Film Critic

Chuck Koplinski is The News-Gazette's film critic. His email is and you can follow him on Twitter (@ckoplinski).

Chaos Walking

Tom Holland and Daisy Ridley in a scene from ‘Chaos Walking.’

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Long before the COVID-19 outbreak caused the postponement of the entire slate of films for every Hollywood studio, Doug Liman’s “Chaos Walking” had already been shuffled from one release date to the next on at least three occasions.

What with initial photography completed in late 2017, Lionsgate ordered reshoots to be done in 2019 after disastrous test screenings.

Now it arrives in theaters as sort of a tepid enticement to lure viewers back the multiplex, a canary in the coalmine of sorts to see just how badly patrons want to pay for overpriced popcorn and see a Tinsel Town offering on the big screen.

Based on the novel “The Knife of Never Letting Go” by Patrick Ness, “Chaos” is yet another YA dystopian novel that benefits greatly from being delayed.

What with “The Hunger Games,” “Divergent” and so many other films of this ilk hitting theaters en masse nearly a decade ago, audiences grew weary of the formulaic adaptations that flooded the market.

Ironically, enough time has passed that “Chaos” feels fresh as it proves to be an engaging well-made adventure that Liman keeps moving at a brisk pace, steadily building the tension and keeping us hooked with one interesting reveal after another.

The year is 2257, the place is New World, a colony on a distant planet inhabited solely by men.

Many years ago, not long after the initial landing, the newly-arrived Earthlings were attacked by an alien race that slaughtered all the women.

Adding to their woes, something in the atmosphere makes their thoughts visible to each other, which the men refer to as the noise. Needless to say, this makes them guarded — as much as they can be — repression being a way of life.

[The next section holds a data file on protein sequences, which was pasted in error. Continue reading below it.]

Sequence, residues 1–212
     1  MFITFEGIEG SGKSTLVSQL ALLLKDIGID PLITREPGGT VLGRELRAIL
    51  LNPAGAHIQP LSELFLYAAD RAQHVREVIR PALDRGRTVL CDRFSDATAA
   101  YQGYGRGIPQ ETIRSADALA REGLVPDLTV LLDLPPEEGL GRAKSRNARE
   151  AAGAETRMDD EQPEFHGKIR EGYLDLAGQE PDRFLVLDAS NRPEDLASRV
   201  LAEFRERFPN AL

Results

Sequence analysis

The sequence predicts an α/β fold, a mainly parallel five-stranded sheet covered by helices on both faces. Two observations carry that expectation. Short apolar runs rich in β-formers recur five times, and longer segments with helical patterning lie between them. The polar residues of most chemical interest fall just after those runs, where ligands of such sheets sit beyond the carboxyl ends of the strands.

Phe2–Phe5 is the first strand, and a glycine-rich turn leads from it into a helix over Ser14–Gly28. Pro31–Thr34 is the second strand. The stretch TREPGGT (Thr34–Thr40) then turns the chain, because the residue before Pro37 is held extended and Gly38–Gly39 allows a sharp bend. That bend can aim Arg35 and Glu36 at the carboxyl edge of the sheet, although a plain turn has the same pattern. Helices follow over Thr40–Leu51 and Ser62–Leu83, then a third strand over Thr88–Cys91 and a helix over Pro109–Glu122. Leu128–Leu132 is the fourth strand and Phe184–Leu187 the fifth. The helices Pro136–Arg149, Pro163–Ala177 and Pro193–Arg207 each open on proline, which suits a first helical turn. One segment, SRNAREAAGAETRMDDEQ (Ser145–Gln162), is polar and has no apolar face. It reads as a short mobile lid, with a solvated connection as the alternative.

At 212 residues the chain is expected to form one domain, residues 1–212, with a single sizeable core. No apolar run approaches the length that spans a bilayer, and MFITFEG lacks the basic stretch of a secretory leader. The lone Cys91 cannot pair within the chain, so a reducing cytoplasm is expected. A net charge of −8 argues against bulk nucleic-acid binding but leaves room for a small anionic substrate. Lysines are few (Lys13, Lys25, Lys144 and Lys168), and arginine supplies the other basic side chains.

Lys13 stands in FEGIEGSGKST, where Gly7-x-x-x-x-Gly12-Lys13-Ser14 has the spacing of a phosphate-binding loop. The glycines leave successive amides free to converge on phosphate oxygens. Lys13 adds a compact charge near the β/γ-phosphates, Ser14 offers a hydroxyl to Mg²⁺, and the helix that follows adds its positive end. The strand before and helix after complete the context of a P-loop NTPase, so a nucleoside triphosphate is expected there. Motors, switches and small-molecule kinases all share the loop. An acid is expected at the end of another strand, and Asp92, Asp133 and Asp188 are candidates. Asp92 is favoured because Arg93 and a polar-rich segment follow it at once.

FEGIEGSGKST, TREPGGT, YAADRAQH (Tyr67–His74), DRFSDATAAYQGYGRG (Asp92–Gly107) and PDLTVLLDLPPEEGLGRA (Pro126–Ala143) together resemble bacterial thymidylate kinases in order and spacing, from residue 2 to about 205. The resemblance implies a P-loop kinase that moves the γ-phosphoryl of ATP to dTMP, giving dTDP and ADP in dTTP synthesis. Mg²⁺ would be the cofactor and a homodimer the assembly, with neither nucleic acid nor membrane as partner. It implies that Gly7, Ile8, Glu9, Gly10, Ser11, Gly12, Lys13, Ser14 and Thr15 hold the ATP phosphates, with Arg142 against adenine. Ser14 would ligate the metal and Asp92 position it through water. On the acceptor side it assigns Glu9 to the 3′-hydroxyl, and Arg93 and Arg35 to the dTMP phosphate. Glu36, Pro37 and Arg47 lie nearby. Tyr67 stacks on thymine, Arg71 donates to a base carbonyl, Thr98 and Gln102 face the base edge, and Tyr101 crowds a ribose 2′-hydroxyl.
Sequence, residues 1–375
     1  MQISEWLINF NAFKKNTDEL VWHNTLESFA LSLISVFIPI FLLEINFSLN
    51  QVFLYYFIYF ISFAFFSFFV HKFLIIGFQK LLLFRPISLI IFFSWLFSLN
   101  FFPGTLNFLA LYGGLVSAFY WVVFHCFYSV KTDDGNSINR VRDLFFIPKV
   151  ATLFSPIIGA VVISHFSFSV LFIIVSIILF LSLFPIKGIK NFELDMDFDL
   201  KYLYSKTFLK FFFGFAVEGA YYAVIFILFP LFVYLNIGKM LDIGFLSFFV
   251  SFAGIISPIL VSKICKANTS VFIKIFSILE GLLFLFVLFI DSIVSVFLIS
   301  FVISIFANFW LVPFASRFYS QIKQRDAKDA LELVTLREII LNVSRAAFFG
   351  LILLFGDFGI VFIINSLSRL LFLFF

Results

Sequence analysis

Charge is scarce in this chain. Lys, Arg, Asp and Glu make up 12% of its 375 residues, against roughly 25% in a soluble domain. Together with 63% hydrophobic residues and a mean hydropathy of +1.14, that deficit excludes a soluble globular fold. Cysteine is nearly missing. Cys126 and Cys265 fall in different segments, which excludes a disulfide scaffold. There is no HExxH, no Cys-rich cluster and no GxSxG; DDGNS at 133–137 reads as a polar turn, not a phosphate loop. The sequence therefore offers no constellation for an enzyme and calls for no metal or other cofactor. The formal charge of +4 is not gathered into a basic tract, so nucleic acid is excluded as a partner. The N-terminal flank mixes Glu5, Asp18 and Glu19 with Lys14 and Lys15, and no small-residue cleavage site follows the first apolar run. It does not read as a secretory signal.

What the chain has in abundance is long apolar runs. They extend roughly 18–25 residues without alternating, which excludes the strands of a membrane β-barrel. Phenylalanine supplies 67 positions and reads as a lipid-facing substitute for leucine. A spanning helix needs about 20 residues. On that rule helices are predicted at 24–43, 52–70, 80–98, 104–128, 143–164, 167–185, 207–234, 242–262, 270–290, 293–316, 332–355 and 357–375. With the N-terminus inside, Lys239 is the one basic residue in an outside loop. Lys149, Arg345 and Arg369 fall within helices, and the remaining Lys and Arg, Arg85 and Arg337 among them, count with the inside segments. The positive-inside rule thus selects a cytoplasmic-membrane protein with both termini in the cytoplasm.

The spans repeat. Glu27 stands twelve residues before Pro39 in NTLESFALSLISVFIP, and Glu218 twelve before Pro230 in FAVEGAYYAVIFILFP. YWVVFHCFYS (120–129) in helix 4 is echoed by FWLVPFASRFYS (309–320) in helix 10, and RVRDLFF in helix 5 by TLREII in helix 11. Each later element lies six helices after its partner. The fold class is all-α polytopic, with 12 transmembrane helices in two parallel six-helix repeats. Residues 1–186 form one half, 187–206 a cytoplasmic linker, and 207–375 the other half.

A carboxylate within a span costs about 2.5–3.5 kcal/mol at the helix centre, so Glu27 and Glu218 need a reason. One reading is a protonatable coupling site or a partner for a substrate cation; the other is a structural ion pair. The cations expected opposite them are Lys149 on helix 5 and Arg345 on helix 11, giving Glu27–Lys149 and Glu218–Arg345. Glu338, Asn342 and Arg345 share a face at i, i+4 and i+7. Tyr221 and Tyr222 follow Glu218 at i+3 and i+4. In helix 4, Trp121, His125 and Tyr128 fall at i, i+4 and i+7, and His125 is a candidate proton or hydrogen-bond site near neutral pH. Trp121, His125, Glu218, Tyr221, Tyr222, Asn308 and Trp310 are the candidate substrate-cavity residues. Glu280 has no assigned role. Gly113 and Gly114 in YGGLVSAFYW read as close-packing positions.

This society of roiling angst is thrown into turmoil when the only survivor of a scouting mission, Viola (Daisy Ridley), crash lands not far from the settlement.

Discovered by Todd (Tom Holland), an angry young man with little direction, he soon finds himself on the run with the displaced woman as the leader of the settlement (Mads Mikkelsen) sets out to apprehend her for nefarious purposes.

Holland and Ridley make for a solid screen couple, complimenting each other throughout, their give and take natural and engaging. Were they to make another film or three, you’d get no objections from me.

With Mikkelsen as well as Damian Bichir, Cynthia Erivo and David Oyelowo rounding out the cast, the acting requirements for the film are more than covered.

The production values are top-notch, the film looking far more expensive than its $125 million price tag, while the scope of the story is tailor-made for the big screen.

Perhaps my perspective is skewed from not having seen a movie like this in such a long time, but at times, it swept me away in the way only a big-budget Hollywood production can, and having gone so long without seeing films of this size, I welcomed it.

While the fact that the characters can see each other’s thoughts is intriguing, as executed on screen, it’s a mixed blessing.

Yes, it sets up an interesting plot twist here and there, but when heard, the dialogue comes off us muddled, eventually leading to a sense of frustration.

If Liman was intent on putting us in the shoes of the characters to experience this discordant element in their lives, he succeeded.

Unfortunately, it proves to be an unnecessary distraction to an otherwise finely made piece of entertainment.

In the end, “Chaos” is a timely cautionary tale that, thankfully, states its theme concerning the dangers of blindly following a merciless zealot clearly.

For DVR alerts, film recommendations and movie news, follow Koplinski on Twitter @ckoplinski. His email is

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